Here are five questions you might want to ask school board candidates or members running for re-election this fall. Because schools play a huge role in making communities attractive places to live and work, you might also talk with the other board members, whose seats aren’t up for election, about these issues.
Many more Minnesota students could succeed if we follow lessons from historically black and tribally controlled colleges and universities.
Congratulations to Minnesota educators, students and families, based on a new report from the College Board, which publishes the Advanced Placement exam.
Events this week led me to several questions about Christmas, Easter and Yom Kippur. Most readers are familiar with the first two, but some may not know much about the third.
Big changes are coming for Minnesota’s high school students, and meetings are scheduled throughout the state to discuss them. That’s good because the changes are controversial.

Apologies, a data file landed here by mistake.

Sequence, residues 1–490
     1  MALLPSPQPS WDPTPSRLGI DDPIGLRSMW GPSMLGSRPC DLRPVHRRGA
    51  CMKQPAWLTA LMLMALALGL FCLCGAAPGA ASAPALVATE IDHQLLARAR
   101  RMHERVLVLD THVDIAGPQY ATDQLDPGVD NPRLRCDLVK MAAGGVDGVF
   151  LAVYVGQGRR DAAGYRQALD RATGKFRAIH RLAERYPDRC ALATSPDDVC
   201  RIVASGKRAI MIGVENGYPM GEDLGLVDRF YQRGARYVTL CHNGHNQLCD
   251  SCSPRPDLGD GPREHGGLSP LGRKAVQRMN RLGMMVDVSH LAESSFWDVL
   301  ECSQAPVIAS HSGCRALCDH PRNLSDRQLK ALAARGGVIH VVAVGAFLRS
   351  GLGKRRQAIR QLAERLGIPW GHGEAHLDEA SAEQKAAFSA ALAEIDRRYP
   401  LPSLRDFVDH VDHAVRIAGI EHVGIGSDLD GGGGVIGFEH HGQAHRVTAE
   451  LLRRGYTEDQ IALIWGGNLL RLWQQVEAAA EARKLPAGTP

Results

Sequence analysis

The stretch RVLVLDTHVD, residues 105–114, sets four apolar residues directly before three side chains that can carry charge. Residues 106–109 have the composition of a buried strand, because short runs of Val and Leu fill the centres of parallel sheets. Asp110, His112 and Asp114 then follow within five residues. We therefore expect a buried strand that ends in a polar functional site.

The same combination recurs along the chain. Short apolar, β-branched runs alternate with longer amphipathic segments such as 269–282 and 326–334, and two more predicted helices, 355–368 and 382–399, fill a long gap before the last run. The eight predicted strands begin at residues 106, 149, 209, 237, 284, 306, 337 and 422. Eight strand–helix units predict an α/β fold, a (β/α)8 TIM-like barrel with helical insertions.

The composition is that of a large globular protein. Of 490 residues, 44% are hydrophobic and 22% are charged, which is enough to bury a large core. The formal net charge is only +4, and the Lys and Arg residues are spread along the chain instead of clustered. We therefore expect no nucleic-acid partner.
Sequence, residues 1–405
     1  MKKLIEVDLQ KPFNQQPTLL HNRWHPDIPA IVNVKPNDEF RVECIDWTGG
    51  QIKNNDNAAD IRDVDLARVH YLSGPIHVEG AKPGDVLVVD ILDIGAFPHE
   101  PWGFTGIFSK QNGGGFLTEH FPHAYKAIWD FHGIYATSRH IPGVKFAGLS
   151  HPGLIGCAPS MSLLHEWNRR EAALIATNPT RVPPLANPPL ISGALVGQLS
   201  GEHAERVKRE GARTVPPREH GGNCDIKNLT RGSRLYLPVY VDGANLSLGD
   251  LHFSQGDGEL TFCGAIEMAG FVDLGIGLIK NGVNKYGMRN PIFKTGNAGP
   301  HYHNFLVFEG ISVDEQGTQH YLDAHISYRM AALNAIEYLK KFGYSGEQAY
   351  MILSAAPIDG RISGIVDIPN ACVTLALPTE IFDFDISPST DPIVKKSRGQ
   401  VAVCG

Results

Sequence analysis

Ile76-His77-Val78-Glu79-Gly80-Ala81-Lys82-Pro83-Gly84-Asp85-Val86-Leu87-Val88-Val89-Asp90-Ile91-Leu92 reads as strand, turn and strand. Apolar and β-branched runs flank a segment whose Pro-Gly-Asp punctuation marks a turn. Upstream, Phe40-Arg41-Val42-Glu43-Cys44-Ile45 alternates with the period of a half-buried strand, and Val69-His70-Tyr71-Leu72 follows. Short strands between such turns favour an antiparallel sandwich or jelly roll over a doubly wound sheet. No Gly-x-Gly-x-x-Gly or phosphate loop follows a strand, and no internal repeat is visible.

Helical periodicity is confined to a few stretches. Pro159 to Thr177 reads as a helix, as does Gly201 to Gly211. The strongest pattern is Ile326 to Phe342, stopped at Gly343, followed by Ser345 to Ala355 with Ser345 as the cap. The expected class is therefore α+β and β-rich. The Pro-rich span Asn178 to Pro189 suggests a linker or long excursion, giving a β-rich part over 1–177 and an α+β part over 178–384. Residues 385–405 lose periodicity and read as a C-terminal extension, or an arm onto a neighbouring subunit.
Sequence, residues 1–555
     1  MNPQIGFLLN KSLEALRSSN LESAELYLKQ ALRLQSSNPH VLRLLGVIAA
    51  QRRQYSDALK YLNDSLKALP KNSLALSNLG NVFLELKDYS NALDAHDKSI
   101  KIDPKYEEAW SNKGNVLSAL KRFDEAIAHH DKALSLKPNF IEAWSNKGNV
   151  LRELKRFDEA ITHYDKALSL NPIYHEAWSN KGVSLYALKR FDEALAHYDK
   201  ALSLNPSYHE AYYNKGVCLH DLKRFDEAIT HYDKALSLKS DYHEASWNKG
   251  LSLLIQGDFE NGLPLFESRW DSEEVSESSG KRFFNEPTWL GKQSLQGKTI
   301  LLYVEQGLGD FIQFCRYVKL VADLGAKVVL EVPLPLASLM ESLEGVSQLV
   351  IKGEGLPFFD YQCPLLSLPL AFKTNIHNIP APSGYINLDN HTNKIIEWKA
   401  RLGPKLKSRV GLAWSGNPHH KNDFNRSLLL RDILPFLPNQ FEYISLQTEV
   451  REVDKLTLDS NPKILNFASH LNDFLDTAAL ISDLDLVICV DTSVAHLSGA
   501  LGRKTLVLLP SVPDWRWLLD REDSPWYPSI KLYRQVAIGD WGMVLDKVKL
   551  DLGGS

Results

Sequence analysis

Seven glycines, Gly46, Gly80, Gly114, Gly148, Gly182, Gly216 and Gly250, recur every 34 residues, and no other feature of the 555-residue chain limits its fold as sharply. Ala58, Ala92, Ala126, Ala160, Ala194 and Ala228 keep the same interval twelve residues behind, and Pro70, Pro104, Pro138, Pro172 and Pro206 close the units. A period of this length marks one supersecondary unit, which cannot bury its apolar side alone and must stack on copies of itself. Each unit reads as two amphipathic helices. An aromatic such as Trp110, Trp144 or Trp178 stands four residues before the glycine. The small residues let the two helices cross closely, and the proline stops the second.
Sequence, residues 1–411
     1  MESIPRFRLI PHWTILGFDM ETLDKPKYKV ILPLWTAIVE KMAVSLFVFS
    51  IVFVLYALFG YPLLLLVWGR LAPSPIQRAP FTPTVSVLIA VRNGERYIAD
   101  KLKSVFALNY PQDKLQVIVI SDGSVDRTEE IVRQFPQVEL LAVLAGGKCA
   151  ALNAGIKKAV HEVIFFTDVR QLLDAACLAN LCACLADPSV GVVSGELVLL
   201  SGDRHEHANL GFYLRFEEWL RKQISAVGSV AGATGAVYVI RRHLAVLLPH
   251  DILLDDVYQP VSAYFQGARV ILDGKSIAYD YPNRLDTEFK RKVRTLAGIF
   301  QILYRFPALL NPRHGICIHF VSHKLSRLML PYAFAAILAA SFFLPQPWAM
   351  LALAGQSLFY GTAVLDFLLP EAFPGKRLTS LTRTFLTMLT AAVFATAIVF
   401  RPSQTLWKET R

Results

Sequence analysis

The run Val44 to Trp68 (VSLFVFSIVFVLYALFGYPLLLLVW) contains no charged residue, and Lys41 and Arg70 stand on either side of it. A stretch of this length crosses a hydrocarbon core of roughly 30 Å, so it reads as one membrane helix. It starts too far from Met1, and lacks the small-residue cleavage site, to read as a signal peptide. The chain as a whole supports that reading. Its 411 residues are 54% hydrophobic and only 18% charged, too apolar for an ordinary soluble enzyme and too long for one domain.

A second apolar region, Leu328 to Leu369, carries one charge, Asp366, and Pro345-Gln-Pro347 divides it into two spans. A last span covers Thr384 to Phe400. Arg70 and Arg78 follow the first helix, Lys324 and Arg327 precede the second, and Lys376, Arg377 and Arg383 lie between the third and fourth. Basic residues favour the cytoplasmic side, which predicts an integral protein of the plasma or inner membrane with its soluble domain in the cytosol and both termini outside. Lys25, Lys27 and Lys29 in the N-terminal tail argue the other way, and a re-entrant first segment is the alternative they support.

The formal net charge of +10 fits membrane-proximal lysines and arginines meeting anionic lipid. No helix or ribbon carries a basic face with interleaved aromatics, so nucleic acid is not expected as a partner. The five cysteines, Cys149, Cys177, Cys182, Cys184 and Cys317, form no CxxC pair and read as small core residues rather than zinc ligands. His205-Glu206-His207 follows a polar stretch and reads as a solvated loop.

Money was not mentioned by any of the more than 30 educators who responded to a question I asked about the first month of school. Each of them described the most important things that families can do in September. Everything they suggested is free: helping youngsters set goals, establishing routines, learning something yourself, talking positively about schools and building or continuing a strong relationship with educators.
What should wise families, like careful coaches, help youngsters do to prepare for the upcoming school year? Forty-one district, charter and teacher union leaders recently responded to that question with specific, practical advice.